Nandu katinga, Sindi.
It is not often that a bird is named from a peculiarity in the hen's plumage alone, but that is the case with the present one, in which only the hen is spotted, the spots being small round black ones on a buff ground, and taking the place of the more or less transverse black pencilling usual in female sand-grouse. Except for this, she is very like the common sand-grouse, and has a similar pin tail; the cock has a corresponding likeness to that of the common Bhut-titar, but is easily distinguishable by his grey eye-streaks and chocolate mottling on the wings.
This species, though numerous where it occurs, is very local, being a regular visitor only to Sind and Jeysulmere; it also occurs near the Runn of Cutch and in the Shahpur district in the Punjab. Although for the most part a winter visitor, some individuals undoubtedly breed in Sind, but the main haunts of the species are in Northern Africa, though it is also found in South-west Asia.
The spotted sand-grouse assembles in flocks up to fifty in number and has a strong preference for the desert, though it comes to the edge of cultivation for food. The food includes more insects than is usually the case with sand-grouse, though seeds form the main portion of it; but Hume was no doubt right in thinking that to this more insectivorous tendency the greater succulence of the present bird's flesh is due, though he had a poor opinion of any sort of sand-grouse as food, except when "baked in a ball of clay, gipsy fashion." I should think that wrapped in a thin rasher of bacon, civilized fashion, they might go just as well.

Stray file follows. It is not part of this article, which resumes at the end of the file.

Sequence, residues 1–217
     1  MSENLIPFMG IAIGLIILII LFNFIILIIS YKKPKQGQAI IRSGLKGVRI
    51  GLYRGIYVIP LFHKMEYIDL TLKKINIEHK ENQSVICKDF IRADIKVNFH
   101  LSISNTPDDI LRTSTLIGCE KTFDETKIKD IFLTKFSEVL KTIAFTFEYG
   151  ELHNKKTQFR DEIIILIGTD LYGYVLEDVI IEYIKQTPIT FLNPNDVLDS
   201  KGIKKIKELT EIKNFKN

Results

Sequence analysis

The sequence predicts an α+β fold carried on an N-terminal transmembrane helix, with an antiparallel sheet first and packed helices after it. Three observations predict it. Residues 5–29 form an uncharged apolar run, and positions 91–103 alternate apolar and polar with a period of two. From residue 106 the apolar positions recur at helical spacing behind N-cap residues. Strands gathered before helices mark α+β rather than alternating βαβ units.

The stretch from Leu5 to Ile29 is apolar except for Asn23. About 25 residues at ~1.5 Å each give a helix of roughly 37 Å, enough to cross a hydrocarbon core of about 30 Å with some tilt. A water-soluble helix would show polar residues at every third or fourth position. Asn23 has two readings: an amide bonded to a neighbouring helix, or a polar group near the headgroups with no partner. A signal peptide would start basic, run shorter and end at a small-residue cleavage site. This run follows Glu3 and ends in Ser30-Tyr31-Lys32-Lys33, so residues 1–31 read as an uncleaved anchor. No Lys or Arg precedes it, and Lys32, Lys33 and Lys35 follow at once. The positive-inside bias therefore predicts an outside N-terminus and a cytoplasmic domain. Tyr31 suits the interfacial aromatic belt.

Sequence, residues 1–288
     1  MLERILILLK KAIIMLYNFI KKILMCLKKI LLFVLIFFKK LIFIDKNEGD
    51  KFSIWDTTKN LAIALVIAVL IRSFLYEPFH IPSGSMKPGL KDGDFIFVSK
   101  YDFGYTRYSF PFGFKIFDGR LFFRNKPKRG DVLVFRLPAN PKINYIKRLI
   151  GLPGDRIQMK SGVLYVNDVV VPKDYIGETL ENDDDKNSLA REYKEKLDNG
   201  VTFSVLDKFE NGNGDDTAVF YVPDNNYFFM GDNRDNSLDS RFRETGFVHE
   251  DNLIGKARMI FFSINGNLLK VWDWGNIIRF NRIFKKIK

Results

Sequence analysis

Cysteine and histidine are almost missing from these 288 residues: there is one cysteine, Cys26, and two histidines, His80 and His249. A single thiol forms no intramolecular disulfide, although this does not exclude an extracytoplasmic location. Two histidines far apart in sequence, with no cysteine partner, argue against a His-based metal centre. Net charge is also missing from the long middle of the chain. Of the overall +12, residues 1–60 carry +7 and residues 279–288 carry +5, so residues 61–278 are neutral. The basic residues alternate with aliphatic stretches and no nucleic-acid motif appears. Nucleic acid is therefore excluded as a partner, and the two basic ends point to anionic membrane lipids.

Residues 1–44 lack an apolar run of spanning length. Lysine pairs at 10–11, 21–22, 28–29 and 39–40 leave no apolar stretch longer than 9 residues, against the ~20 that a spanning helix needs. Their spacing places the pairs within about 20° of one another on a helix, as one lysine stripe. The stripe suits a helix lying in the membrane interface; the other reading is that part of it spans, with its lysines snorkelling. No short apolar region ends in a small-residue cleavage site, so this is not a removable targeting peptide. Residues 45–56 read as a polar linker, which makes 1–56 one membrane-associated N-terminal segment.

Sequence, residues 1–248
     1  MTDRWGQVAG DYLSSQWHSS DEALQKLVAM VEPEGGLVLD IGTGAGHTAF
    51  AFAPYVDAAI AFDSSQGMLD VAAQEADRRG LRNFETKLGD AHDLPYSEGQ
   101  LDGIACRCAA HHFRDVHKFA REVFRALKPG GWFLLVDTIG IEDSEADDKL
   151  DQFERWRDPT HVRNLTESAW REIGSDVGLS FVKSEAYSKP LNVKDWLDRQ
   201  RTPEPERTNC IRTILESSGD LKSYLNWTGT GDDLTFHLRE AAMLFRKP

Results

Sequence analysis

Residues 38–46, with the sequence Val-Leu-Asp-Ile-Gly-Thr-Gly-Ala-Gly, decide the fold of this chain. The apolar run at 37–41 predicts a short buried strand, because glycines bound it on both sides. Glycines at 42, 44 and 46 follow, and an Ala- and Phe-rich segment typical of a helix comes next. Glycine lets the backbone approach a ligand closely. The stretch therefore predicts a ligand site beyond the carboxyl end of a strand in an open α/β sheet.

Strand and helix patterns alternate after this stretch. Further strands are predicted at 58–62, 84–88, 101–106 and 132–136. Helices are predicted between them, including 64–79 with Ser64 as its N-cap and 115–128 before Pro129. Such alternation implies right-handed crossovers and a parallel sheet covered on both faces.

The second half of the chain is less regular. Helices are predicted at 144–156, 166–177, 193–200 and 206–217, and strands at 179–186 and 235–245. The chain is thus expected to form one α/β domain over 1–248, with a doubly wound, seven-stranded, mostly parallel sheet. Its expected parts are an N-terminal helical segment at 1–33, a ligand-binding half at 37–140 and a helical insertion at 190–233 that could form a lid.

The note of this species is characteristic, being, according to Hume and Dresser, a gurgling sound like " quiddle, quiddle, quiddle" ; but James, quoted by Hume, says it is very like that of the common sand-grouse, though he admits it is less harsh,, and easily distinguishable.
It is not so wary as the black-bellied sand-grouse, and the cocks are less quarrelsome than in that species. The eggs are laid in March and April, and number two or three; one extracted from a hen shot in Upper Sind is described as pale yellowish stone colour, spotted with olive-brown and grey. The weight of the bird is about nine ounces or more in cocks and less in hens.